The Southwestern Historical Quarterly, Volume 75, July 1971 - April, 1972 Page: 185
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The Evolution of an Early Texas Union
trade union. The screwmen would have found difficult to believe the
fact that their union had reached the pinnacle of its influence; that
during the nineties developments would erode the special conditions
which the SBA had so successfully exploited. The ongoing expansion
of the Texas cotton crop meant that each year the association was more
hard pressed to provide a sufficient number of men to stow the crop,
an absolute necessity if the closed shop was to be maintained. The in-
creasing use of larger and more rapid steel ships undermined the ac-
tual economic value of cotton screwing. Only by skillful negotiations
and compromise was the union able to hold through the nineties a
major portion of its previously won gains.""
After the turn of the century the association's power underwent
a spectacular decline. No longer was it able to protect its preroga-
tives-the closed shop went first, in 19go01; the seventy-five bale rule
followed in 1904.1"3 Most of the other major working rules did not last
much longer. The blacks took over a greater and greater portion of
the work. But it was not competition from other workers which was
the great danger-it was technology. The screwman's death knell came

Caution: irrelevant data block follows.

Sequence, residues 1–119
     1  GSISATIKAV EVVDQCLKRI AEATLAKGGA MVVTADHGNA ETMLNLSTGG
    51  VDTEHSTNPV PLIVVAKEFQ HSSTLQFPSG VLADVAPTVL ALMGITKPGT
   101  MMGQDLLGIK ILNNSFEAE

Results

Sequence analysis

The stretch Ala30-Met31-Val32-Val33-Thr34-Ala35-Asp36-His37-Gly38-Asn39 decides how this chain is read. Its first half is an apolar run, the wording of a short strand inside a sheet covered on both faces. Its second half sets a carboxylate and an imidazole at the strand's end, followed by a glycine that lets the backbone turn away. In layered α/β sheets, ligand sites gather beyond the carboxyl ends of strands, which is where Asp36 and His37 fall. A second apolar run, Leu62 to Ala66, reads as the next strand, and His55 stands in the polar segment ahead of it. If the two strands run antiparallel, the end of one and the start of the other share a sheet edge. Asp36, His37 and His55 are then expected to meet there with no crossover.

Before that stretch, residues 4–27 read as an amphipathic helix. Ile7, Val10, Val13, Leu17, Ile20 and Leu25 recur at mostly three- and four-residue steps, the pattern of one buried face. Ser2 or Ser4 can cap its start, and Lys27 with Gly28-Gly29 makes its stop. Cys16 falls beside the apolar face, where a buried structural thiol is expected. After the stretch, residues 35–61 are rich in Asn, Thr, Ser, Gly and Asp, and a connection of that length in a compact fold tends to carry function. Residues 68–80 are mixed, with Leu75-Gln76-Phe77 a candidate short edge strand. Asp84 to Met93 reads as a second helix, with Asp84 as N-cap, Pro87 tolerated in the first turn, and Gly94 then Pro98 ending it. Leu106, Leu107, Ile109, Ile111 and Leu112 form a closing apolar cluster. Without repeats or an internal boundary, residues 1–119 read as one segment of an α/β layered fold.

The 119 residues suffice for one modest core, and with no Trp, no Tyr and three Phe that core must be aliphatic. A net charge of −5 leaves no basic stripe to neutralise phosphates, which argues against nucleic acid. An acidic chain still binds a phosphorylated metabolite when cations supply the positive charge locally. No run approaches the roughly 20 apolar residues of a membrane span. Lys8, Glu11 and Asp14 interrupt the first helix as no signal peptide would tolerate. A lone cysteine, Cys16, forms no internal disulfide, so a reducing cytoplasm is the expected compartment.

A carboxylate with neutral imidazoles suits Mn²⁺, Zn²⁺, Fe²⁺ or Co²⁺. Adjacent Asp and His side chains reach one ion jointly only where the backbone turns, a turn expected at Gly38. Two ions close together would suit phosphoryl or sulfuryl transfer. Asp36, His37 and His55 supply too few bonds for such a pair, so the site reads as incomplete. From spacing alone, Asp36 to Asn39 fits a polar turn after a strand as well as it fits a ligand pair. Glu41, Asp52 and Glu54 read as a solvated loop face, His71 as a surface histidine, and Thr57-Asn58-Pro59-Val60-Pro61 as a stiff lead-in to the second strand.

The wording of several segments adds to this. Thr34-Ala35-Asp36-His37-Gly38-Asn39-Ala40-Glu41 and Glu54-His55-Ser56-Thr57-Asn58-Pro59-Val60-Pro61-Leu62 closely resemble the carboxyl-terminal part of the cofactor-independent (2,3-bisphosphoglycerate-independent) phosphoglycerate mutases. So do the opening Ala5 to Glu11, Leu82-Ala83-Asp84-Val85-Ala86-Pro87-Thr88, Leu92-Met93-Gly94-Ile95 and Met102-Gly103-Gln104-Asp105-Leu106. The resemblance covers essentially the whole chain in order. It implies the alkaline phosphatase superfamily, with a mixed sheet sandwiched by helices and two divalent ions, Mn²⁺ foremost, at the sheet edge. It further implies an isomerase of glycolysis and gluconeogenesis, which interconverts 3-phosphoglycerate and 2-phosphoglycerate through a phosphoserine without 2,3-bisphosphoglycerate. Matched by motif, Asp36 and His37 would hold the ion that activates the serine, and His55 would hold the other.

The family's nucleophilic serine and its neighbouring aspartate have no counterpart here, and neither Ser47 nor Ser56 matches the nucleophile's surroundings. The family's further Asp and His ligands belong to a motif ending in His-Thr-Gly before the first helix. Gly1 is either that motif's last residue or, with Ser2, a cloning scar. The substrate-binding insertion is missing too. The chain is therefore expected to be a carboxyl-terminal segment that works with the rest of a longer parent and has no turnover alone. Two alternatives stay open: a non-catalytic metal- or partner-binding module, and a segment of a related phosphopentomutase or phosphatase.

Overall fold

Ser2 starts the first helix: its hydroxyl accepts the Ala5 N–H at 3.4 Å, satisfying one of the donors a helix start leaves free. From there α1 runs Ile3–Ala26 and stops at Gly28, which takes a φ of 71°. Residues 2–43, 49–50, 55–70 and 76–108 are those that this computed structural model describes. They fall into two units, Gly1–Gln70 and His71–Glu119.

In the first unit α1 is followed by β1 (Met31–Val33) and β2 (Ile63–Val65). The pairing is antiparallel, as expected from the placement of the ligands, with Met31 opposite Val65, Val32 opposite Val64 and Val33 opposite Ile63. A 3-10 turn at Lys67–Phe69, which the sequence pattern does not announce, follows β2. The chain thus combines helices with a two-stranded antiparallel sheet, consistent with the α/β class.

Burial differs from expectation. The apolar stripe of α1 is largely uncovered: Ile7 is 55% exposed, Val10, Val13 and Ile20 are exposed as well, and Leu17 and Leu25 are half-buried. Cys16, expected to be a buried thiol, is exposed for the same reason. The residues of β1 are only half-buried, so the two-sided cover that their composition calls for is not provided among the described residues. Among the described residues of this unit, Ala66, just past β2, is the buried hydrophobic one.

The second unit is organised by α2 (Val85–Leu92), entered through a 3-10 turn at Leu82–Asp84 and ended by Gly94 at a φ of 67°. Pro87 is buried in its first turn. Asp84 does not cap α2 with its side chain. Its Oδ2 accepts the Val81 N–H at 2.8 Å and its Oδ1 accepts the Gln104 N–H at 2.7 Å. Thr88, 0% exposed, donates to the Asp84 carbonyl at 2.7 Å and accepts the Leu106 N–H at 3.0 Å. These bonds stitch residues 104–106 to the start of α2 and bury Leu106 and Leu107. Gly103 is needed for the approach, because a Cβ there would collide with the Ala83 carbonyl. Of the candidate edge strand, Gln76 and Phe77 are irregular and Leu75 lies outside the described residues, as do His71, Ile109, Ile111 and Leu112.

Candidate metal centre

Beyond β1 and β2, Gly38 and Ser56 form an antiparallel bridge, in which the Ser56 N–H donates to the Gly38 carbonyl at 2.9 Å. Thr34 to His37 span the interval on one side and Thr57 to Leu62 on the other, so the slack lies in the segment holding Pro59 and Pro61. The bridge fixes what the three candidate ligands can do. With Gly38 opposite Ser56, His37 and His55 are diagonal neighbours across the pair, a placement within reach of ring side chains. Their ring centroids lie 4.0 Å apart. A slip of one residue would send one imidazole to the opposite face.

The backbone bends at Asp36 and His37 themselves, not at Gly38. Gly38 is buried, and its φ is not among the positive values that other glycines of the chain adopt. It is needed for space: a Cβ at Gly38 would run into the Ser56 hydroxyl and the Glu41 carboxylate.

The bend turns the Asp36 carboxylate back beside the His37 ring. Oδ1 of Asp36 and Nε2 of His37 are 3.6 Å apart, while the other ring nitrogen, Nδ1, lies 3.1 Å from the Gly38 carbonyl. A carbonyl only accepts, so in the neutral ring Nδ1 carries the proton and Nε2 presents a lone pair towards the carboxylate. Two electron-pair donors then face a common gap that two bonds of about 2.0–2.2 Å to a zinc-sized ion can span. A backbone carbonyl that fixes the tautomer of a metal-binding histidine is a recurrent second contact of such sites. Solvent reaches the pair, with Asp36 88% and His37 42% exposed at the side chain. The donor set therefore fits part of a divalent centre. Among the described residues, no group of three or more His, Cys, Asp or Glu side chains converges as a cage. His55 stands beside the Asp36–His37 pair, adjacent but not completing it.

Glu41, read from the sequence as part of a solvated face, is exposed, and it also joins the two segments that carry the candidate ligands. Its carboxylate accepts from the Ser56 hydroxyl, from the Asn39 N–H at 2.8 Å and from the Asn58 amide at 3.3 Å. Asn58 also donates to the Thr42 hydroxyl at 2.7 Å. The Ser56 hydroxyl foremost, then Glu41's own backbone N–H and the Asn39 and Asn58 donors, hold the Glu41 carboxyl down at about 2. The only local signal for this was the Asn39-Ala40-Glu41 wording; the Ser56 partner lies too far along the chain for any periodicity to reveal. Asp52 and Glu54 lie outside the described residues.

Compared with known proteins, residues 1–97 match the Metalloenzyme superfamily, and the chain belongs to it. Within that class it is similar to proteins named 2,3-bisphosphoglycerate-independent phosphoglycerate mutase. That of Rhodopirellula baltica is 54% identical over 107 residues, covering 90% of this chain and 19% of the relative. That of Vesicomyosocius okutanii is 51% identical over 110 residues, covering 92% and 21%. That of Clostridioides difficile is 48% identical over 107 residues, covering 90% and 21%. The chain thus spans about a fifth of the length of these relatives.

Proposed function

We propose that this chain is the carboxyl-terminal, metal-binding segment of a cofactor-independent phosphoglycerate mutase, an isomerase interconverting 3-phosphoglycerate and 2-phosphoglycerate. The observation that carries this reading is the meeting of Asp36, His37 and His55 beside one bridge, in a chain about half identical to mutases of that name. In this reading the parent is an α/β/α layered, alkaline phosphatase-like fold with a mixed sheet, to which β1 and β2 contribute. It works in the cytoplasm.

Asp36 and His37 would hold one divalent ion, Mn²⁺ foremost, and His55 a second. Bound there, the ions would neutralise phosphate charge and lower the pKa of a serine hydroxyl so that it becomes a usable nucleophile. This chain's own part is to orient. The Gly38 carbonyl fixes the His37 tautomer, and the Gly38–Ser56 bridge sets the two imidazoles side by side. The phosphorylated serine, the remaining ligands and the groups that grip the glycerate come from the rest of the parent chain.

in 1910 when the high-density cotton compress, which had been per-
fected in 1900, made its appearance in the port of Galveston; by
World War I it had rendered him totally useless." The screwmen,
like so many craftsmen, disappeared under the wheel of technological
In 1902 the union began to lose the independence which had been
in other days a keystone of its strength when it affiliated with the na-
tional longshoremen's union as Local 307. It retained a semblance of
independence for a decade and did not totally lose its identity until
1924.'14 From 1891 the SBA had fought a rear-guard action and after
the turn of the century it was no more than a shadow of the proud
and powerful union which had for so long led the ranks of labor in
the most unionized city in Texas.
188Taylor, "History of the Screwmen's Benevolent Association," 98-100.
18*Ibid., 113, 121.
11abid., 111-113, 127.
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Texas State Historical Association. The Southwestern Historical Quarterly, Volume 75, July 1971 - April, 1972, periodical, 1972; Austin, Texas. (texashistory.unt.edu/ark:/67531/metapth101201/m1/197/: accessed August 24, 2017), University of North Texas Libraries, The Portal to Texas History, texashistory.unt.edu; crediting Texas State Historical Association.